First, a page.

19 18 CHAPTER 1 KEY FINDINGS AND RECOMMENDATIONS Countries strategies have to operate within the broader context of their legal system, administrative practice and culture. It is up to each country to decide how to approach the issues addressed in this report and what strategies would be the most appropriate in the context of, and the most consistent with, its rules and framework. It is against this background that this report recommends that countries: 1. Review their models for sharing information among different agencies, in particular as regards: the ability of the tax administration to share information with agencies such as the police and the FIU; the possibility of introducing an obligation for the tax administration to report to the relevant law enforcement agency or the FIU evidence of any serious offence, suspected money laundering or terrorist financing activities, and to share information relevant to investigations into these offences or activities; and the ability of any agency which holds information relevant to the administration and assessment of taxes to make this information available to the tax administration. This applies in particular to information contained in Suspicious Transaction Reports. It is recommended that the tax administration be provided such information through direct access or through spontaneous exchange, as appropriate and applicable. In the latter case the FIU should have officials who are trained and experienced in recognising potential tax issues. 2. Review the models for enhanced co-operation described in this report, with a view to introducing and adapting them, as well as developing innovative models based on their particular needs, legal framework and experience. They should also consider ways in which processes for co-operation can be made more effective within existing frameworks. 3. Review the examples of successful practices identified in this report, with a view to introducing similar practices based on their particular needs, legal framework and experience. Where a particular successful practice is not appropriate because of a country s legal framework, it should consider alternative ways in which comparable benefits can be achieved. 4. Evaluate the legal and operational ability of the tax administration to be involved in tax crime investigations, where these are conducted by other agencies. Countries should explore ways to remove potential barriers, and consider requiring increased participation in investigations by tax officials, taking into account the peculiarities of the different organisational models discussed in the report. 5. Evaluate their mechanisms for co-operation on a recurrent basis. This evaluation should be informed by the experience of officers directly involved in co-operation, as well as an objective assessment of the results of inter-agency co-operation models implemented.
20 CHAPTER 2 ORGANISATIONAL MODELS FOR AGENCIES FIGHTING FINANCIAL CRIME 19 Chapter 2 Organisational Models for Agencies Fighting Financial Crime Box 3. Key Findings Strategies for combating financial crimes comprise a number of critical stages, including the prevention, detection, investigation and prosecution of offences, and the recovery of the proceeds of crime. Key government agencies involved in combating financial crimes include the tax administration; the customs administration; anti-money laundering authorities including the Financial Intelligence Unit ( FIU ); the police and specialised law enforcement agencies; the public prosecutor s office; and financial regulators. Countries apply different organisational models in structuring each of these agencies. Some of these models are long-standing and were established as a country s framework for law enforcement was developed. Other models reflect more recent policy decisions. Each organisational model has distinct features which need to be taken into account when developing strategies for inter-agency co-operation, so as to ensure that the full benefits of co-operation are achieved. Which agency has responsibility for a particular activity will directly impact the processes and agreements required to achieve a desired benefit from co-operation. In the area of tax crimes, there are four different models which countries have adopted to investigate these crimes. Under Model 1, the tax administration has responsibility for directing and conducting investigations. Under Model 2, the tax administration has responsibility for conducting investigations, under the direction of the public prosecutor. Under Model 3, a specialist tax agency under the supervision of the Ministry of Finance but outside the tax administration has responsibility for conducting investigations. Under Model 4, the police or public prosecutor has responsibility for conducting investigations. Financial crime covers a broad range of offences, including tax evasion and tax fraud, money laundering, corruption, insider trading, bankruptcy fraud and terrorist financing. Many different government agencies may be involved in the prevention, detection, investigation and prosecution of these crimes and the recovery of the proceeds of crime. These include agencies such as police forces and prosecution authorities, which have a visible role in law enforcement. They also include agencies such as tax and customs administrations and financial regulators, which in the course of their normal activities collect and hold significant information about individuals, corporations and financial transactions. Each of these agencies may hold operational and strategic information relevant to the activities of other agencies in combating financial crime. Operational information is that which is relevant to specific cases and investigations. Strategic information relates to the identification of risks and threats and is not specific to a particular case.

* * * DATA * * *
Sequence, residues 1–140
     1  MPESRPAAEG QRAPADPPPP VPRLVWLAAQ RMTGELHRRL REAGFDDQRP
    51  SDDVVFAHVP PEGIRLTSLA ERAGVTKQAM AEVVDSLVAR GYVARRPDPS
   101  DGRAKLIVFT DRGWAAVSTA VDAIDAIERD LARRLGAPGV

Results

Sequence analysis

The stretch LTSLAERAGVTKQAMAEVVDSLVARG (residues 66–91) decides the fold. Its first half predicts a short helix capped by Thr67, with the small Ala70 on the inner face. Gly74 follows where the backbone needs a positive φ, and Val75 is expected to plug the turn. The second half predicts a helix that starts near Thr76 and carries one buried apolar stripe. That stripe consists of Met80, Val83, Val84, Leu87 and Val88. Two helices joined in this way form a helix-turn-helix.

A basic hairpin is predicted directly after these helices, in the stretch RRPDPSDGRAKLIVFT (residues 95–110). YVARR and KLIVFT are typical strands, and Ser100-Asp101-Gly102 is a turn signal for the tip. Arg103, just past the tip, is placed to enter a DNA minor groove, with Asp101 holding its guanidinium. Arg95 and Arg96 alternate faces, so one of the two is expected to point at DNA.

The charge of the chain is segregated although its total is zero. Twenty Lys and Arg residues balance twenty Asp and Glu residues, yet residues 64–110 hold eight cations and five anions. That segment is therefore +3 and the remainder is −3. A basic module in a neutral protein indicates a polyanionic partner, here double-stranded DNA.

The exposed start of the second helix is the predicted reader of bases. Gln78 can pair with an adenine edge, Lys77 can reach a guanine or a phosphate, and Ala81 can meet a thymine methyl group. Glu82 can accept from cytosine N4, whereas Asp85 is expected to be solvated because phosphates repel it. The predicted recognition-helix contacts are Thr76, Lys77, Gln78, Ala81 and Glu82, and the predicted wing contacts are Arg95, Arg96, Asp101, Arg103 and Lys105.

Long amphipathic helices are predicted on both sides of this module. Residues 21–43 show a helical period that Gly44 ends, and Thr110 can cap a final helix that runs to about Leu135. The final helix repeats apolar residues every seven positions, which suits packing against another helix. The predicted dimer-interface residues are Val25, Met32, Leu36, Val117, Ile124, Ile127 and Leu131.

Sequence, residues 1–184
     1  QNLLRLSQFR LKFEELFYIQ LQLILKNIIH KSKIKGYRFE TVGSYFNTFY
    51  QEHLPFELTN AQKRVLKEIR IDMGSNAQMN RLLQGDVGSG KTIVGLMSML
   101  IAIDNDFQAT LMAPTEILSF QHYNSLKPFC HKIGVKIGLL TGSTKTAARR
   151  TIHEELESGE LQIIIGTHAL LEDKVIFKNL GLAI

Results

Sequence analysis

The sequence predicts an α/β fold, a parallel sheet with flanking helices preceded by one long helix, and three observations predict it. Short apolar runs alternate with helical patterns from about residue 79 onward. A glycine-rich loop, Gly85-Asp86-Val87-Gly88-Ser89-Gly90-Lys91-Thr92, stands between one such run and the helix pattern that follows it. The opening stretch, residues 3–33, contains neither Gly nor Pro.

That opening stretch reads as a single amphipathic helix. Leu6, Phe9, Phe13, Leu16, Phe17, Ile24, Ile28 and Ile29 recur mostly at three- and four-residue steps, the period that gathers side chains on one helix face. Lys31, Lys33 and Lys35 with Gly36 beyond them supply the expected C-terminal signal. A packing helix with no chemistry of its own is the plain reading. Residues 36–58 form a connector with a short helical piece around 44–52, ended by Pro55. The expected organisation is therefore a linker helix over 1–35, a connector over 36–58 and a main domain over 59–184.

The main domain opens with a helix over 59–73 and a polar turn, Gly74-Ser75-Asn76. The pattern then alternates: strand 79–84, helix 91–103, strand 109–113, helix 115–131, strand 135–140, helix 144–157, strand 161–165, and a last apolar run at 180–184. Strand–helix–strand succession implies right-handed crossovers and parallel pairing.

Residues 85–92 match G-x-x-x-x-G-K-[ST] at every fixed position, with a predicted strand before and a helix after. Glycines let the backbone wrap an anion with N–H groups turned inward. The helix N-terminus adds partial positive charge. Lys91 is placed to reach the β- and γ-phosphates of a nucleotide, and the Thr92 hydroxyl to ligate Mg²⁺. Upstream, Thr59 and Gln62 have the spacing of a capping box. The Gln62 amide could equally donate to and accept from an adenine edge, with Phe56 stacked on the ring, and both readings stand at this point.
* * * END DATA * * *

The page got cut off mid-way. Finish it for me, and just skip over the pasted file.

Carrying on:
21 20 CHAPTER 2 ORGANISATIONAL MODELS FOR AGENCIES FIGHTING FINANCIAL CRIME There is no single approach to how countries structure these agencies. Activities which are the responsibility of a particular agency in one country may be the responsibility of a different agency in a second country. Similarly, some countries may establish a number of independent agencies to carry out activities which in other countries are the responsibility of a single larger body. Understanding these differences is important to appreciate the implications of similarities and differences between countries arrangements for domestic inter-agency co-operation. Which agency has responsibility for a particular activity will directly impact the processes and agreements required to achieve a desired benefit from co-operation. For example, whether responsibility for investigating tax fraud lies with the tax administration, the police or a specific tax investigations authority directly impacts the arrangements with other agencies required to facilitate these investigations. The following paragraphs describe in general terms the role of different agencies in the countries covered by this report. A. Tax administration A country s tax administration is responsible for the assessment and collection of taxes on behalf of the government. This involves gathering and processing information on individuals and corporations subject to tax, including personal details, property ownership, investments, financial transactions and business operations. Tax administrations employ large numbers of trained specialists and investigators with experience in auditing and analysing financial data and investigating suspicious or anomalous transactions. Tax administrations often have extensive powers to access information and documentation from taxpayers and third parties. They typically play a central role in preventing and detecting tax crime. Once the suspicion of a tax crime exists, countries apply different models to determine the extent to which a tax administration may be involved in a subsequent investigation and prosecution. 6 Models for comparing tax administrations could be based on a number of criteria. For the purposes of this report, the relevant criteria are those which might influence a tax administration s role in combating financial crime, and the ability of the tax administration (or other agency investigating tax crimes) to obtain information relevant to an investigation from other agencies. The Models applied below identify the agency which generally has responsibility for conducting investigations into tax offences. This is important in understanding which agency may require information for the purposes of conducting an investigation. The Models also identify those countries where these investigations are directed by a public prosecutor, and where they are wholly the responsibility of the investigating agency. This may be relevant in identifying additional gateways for obtaining relevant information, at the level of the prosecutor. Based on these criteria, four models have been identified as applying in the countries covered by this report in countering tax crimes. These are set out in the table below. 6. Tax administrations may in some cases also act in a supervisory capacity, monitoring compliance with money laundering regulations by businesses in certain sectors including real estate agents and traders accepting large cash payments. For example, this is the case in Luxembourg, the Netherlands and the United Kingdom.